Correlates of subjective recovery in an early intervention program for psychoses
Article first published online: 28 JUN 2012
© 2012 Wiley Publishing Asia Pty Ltd
Early Intervention in Psychiatry
Volume 7, Issue 3, pages 278–284, August 2013
How to Cite
Norman, R. M.G., Windell, D., Lynch, J. and Manchanda, R. (2013), Correlates of subjective recovery in an early intervention program for psychoses. Early Intervention in Psychiatry, 7: 278–284. doi: 10.1111/j.1751-7893.2012.00371.x
- Issue published online: 24 JUL 2013
- Article first published online: 28 JUN 2012
- Received 10 January 2012; accepted 3 March 2012
- Arcangelo Rea Family Foundation. Grant Number: R-08-006
- early intervention;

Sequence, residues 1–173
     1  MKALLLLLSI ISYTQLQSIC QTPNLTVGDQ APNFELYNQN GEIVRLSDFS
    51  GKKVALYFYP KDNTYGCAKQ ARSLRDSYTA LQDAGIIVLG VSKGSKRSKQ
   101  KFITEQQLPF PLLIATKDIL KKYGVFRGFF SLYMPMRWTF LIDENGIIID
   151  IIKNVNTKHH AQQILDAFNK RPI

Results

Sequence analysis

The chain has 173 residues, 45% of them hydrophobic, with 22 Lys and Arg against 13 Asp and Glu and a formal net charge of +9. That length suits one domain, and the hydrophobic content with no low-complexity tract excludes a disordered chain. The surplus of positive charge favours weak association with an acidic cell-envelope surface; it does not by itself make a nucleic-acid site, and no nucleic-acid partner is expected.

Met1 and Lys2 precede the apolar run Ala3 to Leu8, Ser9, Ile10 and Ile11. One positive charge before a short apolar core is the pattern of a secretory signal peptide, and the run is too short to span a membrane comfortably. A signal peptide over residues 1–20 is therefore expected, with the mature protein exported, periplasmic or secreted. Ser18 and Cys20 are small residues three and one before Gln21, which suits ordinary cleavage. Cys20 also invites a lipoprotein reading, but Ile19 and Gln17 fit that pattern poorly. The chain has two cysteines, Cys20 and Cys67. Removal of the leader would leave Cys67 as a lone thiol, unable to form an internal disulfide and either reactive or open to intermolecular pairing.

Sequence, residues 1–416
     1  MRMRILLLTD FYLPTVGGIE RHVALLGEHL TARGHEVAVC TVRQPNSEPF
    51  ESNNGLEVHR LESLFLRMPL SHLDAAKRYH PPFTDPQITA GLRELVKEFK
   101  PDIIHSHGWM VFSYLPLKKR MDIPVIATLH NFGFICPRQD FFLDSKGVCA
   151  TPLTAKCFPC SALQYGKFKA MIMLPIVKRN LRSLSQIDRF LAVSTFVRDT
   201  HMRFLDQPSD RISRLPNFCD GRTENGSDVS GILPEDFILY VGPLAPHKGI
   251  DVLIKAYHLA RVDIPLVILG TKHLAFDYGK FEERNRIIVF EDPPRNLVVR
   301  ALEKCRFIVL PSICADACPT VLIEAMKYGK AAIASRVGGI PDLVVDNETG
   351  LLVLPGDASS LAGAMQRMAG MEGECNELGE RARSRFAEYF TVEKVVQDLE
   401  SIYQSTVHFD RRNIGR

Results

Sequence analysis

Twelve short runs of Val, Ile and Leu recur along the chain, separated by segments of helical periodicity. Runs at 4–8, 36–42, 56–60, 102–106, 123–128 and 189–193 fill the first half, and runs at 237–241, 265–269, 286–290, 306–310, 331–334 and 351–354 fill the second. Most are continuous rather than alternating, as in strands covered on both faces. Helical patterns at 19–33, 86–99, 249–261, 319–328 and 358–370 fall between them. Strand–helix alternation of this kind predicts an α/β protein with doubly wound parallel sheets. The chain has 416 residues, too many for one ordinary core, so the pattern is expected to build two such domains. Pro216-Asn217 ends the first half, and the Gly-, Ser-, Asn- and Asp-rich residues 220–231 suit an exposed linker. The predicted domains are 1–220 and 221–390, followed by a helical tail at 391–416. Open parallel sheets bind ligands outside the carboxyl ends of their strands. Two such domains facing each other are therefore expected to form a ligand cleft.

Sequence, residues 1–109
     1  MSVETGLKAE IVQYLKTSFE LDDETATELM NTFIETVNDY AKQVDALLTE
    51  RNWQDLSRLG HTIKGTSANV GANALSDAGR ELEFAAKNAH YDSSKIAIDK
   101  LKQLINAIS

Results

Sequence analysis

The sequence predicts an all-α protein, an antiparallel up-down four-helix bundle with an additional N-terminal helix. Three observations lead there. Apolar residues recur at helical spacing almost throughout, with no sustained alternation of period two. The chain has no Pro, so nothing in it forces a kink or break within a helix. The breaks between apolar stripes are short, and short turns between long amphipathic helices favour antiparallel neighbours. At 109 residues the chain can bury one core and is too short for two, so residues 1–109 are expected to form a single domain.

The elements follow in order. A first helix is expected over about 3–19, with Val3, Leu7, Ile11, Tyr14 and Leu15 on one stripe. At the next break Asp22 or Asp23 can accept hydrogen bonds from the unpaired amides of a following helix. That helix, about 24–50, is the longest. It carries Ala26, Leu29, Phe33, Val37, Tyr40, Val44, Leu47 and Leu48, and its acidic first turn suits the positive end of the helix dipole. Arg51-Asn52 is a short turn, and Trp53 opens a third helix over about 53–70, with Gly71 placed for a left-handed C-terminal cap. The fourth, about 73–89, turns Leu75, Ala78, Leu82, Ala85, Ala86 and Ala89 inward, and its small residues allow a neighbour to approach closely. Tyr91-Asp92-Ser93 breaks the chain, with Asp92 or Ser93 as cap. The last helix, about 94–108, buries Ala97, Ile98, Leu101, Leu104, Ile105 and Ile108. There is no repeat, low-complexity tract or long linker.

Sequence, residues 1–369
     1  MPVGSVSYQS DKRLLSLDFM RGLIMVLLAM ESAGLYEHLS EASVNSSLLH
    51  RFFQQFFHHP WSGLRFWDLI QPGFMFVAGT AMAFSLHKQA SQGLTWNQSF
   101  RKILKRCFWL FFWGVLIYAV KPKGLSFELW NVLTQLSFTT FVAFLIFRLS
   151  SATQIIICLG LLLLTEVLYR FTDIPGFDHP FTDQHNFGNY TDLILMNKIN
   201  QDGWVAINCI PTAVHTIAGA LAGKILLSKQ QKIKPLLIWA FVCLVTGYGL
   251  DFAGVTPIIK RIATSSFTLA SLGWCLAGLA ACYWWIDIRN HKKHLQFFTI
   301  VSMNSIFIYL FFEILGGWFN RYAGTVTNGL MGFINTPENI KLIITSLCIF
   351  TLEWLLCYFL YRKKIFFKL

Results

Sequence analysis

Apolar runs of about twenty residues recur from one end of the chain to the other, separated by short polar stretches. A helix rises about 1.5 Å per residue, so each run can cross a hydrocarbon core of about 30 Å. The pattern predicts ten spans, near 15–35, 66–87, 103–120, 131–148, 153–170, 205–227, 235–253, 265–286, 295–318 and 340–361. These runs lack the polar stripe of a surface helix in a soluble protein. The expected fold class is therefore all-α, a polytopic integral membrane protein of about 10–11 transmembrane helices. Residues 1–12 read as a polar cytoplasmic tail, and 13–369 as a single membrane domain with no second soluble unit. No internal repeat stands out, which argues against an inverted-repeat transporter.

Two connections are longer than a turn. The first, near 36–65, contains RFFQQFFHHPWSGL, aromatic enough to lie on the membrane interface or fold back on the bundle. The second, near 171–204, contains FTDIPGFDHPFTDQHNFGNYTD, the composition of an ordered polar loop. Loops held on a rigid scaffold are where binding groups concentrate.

- psychotic disorders;
- social support;
Aim: To examine the relative importance of symptoms and components of social support in predicting subjective recovery from psychosis.
Methods: Eighty-four clients of a first-episode program for psychotic disorders completed measures of subjective recovery (the Recovery Assessment Scale and the Modified Engulfment Scale) and measures of social support related to appraisal support, tangible support, general sense of belongingness and perceived relational evaluation (PRE). Measures of positive and negative symptoms of psychosis were completed by an independent assessor.
Results: Although symptoms, particularly negative symptoms, were correlated with several indices of recovery, PRE generally emerged as the most consistent and important predictor.
Conclusions: PRE appears to be a particularly important aspect of social support in predicting subjective recovery. Prospective studies of the importance of PRE are warranted.